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14 March 2008

Network Access/Admission Control

Some reports are stating that 70% of the attacks are internal attacks. So, perimeter Firewalls are Intrusion Prevention Systems are really good in protecting us from external attacks, but what about protecting the users from each other.

But wait a minute, I know what you are thinking of now. "Screw these reports, my employees are decent people, and I believe they don't have mean intentions to harm their company's resources!". Yes, you are right, they may not have mean intentions, but what if their antivirus is not up to date, isn't it possible that they may have a work that they are not aware of that may propagate into your network and cause some damage there? What about P2P applications, don't you warn them of using it as it utilizes all your bandwidth? Do they really listen to you? And what about those guests in your meeting room, or those guys who came today in order to fix some server in your server room, who decided to plug their laptops into your network in order to download some stuff from the internet? Can't they simply send or receive some traffic that they are not supposed to send nor receive?

We were installing the LAN infrastructure of one of the major financial institutes here in Egypt a long while ago, and then I was supposed to find out the best way to deploy such equipments from a security point of view. So, one of there features that we decided to enable on the switches was IEEE 802.1X, which is a protocol used in order to authenticate the hosts and/or the users before giving them access to the network, i.e. Network Access Control solution. But you know what, IEEE 802.1X is really cool, and it may help in solving some of the problems mentioned earlier, but in real life, they never deployed it, and so does many other customers.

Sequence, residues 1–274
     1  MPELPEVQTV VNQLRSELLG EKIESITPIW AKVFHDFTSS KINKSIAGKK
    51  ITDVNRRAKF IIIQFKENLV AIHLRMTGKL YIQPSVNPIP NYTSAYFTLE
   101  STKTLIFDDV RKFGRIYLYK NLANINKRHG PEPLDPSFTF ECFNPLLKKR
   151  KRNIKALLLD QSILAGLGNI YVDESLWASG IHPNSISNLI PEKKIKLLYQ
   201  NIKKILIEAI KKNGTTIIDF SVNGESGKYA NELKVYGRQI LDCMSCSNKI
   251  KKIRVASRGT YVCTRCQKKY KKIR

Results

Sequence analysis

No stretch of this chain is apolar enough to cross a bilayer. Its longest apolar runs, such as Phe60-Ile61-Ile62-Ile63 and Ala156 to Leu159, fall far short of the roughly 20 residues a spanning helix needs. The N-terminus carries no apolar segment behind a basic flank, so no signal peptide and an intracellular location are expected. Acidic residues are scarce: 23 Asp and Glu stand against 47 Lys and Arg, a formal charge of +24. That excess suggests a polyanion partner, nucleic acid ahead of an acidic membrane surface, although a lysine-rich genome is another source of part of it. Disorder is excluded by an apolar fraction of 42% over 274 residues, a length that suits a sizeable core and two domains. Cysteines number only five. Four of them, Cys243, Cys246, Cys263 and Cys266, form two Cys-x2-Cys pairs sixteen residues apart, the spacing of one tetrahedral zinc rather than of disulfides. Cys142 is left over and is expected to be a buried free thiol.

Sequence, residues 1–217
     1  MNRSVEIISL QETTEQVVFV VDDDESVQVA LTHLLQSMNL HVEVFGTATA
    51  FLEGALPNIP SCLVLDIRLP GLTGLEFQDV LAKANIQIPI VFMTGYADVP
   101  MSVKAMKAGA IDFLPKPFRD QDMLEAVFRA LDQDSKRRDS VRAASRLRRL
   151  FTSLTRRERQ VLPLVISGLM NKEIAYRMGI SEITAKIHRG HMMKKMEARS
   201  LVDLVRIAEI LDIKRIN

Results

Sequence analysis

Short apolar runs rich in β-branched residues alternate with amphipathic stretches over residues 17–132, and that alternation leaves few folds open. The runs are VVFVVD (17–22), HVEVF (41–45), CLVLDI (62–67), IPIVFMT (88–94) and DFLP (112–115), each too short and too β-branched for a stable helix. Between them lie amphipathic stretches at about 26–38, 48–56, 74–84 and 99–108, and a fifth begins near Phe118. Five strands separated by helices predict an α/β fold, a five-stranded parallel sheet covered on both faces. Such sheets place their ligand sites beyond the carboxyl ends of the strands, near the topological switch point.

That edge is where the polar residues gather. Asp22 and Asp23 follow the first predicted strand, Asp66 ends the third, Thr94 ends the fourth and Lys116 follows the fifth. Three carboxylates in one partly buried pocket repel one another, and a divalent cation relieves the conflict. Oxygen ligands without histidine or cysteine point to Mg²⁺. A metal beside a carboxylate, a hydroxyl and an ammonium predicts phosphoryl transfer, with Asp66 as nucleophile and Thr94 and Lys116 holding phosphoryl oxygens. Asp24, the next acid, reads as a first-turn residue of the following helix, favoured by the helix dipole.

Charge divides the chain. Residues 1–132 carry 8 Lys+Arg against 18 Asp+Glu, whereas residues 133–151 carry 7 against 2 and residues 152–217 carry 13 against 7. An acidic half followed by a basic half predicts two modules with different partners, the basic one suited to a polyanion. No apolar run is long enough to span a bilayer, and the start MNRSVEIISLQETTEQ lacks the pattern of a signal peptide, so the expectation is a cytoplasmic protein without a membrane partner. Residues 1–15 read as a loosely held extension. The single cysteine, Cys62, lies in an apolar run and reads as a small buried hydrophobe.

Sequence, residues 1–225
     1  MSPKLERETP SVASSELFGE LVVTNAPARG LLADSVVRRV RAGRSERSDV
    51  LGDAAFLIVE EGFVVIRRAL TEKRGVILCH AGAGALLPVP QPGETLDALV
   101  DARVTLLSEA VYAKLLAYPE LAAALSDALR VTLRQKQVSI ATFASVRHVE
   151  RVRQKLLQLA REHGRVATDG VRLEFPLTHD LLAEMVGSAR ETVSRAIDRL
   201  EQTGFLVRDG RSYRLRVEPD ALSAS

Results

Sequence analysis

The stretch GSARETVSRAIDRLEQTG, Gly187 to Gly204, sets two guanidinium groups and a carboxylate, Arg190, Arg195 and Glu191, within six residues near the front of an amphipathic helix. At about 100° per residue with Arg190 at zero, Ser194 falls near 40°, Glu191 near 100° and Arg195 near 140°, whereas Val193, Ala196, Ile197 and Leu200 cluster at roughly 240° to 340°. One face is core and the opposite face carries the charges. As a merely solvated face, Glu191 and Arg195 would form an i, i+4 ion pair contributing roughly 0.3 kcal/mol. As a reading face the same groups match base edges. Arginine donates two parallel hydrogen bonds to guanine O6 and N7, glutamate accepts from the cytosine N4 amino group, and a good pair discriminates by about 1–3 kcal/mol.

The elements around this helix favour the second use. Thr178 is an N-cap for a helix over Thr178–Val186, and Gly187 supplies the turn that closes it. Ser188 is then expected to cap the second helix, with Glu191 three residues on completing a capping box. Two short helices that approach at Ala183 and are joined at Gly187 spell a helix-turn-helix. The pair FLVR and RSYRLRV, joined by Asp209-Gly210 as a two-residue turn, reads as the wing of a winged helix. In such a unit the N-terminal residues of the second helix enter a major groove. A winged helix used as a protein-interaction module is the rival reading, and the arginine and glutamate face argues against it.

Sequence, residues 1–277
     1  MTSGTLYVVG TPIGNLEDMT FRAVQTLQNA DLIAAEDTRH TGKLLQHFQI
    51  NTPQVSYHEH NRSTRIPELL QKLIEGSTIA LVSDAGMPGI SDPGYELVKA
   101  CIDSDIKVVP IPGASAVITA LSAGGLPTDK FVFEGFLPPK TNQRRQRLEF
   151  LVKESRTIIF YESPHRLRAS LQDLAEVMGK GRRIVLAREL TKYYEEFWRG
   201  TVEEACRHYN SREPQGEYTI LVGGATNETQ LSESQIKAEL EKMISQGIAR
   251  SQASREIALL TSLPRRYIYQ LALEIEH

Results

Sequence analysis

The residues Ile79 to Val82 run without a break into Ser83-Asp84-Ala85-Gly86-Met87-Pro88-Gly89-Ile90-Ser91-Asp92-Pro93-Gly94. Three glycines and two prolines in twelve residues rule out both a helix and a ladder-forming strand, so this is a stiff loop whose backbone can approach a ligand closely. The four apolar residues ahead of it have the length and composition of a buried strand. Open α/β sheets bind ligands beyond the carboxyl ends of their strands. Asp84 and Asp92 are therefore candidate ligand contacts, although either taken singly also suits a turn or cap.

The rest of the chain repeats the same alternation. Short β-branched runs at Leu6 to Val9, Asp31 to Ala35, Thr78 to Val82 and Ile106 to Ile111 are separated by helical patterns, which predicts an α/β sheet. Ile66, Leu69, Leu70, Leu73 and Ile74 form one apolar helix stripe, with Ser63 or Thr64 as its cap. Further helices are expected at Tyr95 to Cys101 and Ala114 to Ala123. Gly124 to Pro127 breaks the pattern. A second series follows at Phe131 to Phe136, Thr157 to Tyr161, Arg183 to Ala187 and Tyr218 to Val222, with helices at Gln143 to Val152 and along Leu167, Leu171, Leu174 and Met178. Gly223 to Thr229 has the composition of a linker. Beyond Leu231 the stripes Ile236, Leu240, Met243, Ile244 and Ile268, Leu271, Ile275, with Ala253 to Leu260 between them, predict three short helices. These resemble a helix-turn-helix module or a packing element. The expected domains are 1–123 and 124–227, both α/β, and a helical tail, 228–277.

Controlling users/hosts access to your network based on their identities is really useful, but not sufficient. We still need more vision and granular control. A certain host may have valid credentials to access your network, but still such host may not be really healthy - doesn't have End-Point Security softwares installed - and giving it access to your network may harm other resources connected to it. What you really need here is a combination of Network Access and Admission Control. And here comes the new trend of network security, NAC. It's a solution that can check the different hosts before giving them to the network, and it can also control the different switches, access points, and create dynamic rules on your firewalls and IPS's in order to granularly control the access given to each host to the various resources in the network based on their identity and security posture.

Some vendors have decided to build on the existing IEEE 802.1X standard in order to make sure that their solution will work in heterogeneous environments where that are different switches and security vendors. Some others decided to create their own proprietary protocols from scratch, some other decided to have their controls and policies in the hosts themselves by having installing agents there instead on relying on the existing infrastructure. And for sure some had mixtures of all the above.

References and Vendors:
Network World, NAC Topics
Got the NAC Blog, Steve Hanna
TechNet, NAP Blog
Cisco Systems, NAC Appliance (Clean Access)
Juniper Networks, Unified Access Control
Microsoft, NAP (Network Access Protection)
Symantec, Network Access Control
McAfee, Network Access Control
CanSentry Networks, Intelligent Switches

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